The Cornelius Coot statue first appeared in the Donald Duck comic Statuesque Spendthrifts (1952) by Carl Barks. Here, Scrooge and the rich Maharajah of Howduyustan compete at building the largest statue of Duckburg's founder, in an attempt to prove which of them is the richest. This results in Duckburg being filled with increasingly more gigantic statues of its founder. Barks re-used Coot's statue in Statues of Limitations (1957), and The Day Duckburg Got Dyed (1957). Coot's statues have since become an iconic aspect and recurring location in the stories, can be spotted in numerous comics taking place in Duckburg.
In a later story by Don Rosa, Cornelius was said to be the grandfather of Grandma Duck, which would make him Donald Duck's great-great-grandfather. However, Coot was not related to Donald in Barks' original stories.
Cornelius first appeared in person in a flashback in the Italian Disney comic Paperino e la "graande impresa", first published in 1988, in which he looked similar to Donald. The story revealed how Coot helped George Washington getting the fabric used as tablecloth when signing the Declaration of Independence; this heroic tale is represented by Coot's statue in this story, which shows Coot bearing a roll of fabric instead of the usual corncobs.
A year later, Don Rosa used Cornelius in His Majesty, McDuck, telling the story of how Cornelius became the owner of Fort Duckburg. In a flashback, we learn that, during Cornelius's stay in Fort Drake Borough (named after Sir Francis Drake), it was attacked by Spanish soldiers. When the British were incapable of defending the fort, the commander made a deal with Cornelius: the fort would pass to his property so the British wouldn't be responsible if the Spanish took it. Cornelius agreed, and then popped some corn to make it sound like shots, which made the Spanish troops run away. Cornelius renamed the fort "Fort Duckburg" and turned it into a trading camp for hunters. Several people began to settle down and form families, and Cornelius himself started a farm of his own. A village was formed in Duckburg, with Cornelius as the leader.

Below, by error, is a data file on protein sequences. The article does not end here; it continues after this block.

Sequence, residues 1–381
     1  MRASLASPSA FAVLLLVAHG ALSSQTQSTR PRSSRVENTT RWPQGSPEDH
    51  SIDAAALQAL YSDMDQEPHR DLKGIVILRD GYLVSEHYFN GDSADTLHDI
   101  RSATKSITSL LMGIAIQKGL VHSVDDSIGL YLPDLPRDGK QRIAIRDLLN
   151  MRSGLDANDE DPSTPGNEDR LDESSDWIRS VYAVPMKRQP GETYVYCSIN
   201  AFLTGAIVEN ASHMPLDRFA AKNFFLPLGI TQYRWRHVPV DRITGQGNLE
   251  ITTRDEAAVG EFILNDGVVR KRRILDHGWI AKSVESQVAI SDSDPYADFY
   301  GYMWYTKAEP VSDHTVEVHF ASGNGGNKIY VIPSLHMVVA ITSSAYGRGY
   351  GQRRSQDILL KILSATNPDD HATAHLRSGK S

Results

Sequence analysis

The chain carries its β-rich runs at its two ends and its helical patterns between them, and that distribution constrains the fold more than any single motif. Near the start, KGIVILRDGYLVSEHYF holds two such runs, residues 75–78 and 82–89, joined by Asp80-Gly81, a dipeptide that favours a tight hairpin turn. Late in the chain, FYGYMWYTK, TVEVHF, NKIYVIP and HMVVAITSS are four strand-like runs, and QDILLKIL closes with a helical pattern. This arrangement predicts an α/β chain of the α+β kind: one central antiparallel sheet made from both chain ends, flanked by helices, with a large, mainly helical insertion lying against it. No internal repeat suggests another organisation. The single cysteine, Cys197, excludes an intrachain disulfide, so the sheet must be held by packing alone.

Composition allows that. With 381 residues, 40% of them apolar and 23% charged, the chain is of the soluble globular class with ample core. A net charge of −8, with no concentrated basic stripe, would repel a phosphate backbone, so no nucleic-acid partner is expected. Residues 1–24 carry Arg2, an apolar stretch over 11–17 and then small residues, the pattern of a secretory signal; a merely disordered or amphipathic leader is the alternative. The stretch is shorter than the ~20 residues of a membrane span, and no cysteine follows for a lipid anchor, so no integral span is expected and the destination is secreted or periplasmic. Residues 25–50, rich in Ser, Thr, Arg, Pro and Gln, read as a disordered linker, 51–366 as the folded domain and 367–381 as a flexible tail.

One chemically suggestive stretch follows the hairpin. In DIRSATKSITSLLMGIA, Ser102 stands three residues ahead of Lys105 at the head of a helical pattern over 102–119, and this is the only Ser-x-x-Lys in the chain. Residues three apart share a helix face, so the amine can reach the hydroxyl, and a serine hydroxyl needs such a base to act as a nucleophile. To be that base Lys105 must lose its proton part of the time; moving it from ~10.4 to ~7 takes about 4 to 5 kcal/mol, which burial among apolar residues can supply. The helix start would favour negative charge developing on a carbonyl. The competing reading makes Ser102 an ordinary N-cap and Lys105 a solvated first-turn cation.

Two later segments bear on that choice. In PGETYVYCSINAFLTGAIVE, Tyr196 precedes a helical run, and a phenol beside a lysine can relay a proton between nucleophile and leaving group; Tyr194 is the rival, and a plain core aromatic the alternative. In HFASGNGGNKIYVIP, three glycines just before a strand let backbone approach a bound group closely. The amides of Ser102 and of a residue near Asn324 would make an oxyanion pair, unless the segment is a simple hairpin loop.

As seen in Last Sled to Dawson, Cornelius' grandson Casey Coot was a fellow prospector of Scrooge McDuck during Scrooge's gold rush days. However, unlike Scrooge, Casey was not successful and sold his grandfather's land to Scrooge, so that he could pay a train ticket back to Duckburg. Years later, Scrooge built his Money Bin on this land.
Cornelius has a great-granddaughter called Cornelia Coot, who visited Duckburg in The Fabulous Fixer.
The Incredible Quest for Cooties (Donald Duck #378) shows the story of how Cornelius and his brother Johannes left their home country, the Netherlands, in the late 1600s, on a voyage to start a new colony. Cornelius sailed West on his ship, Ye Quackflower (a reference to the Mayflower) and Johannes sailed East on his ship, Ye Duckwell (a reference to the Speedwell). Two years later, Cornelius arrived in the New World and founded Duckburg there, while Johannes was never heard of again. The story later reveals that his ship was attacked by pirates and only few crew members escaped, excluding Johannes.
In modern times, Duckburg has many statues of Cornelius Coot holding corn. It can be seen in several comic stories, and also had a cameo in the DuckTales episode "Ducks on the Lam". A real-life version of the statue was also built for Mickey's Starland (which was set in Duckburg) and was still retained when the area became Mickey's Toontown Fair. The Toontown version included the following legend:
- This Is Old Cornelius Coot
- Who Turned His Corn Crop Into Loot
- And Founded Mickey's Toontown Fair
- To Him We Dedicate This Square.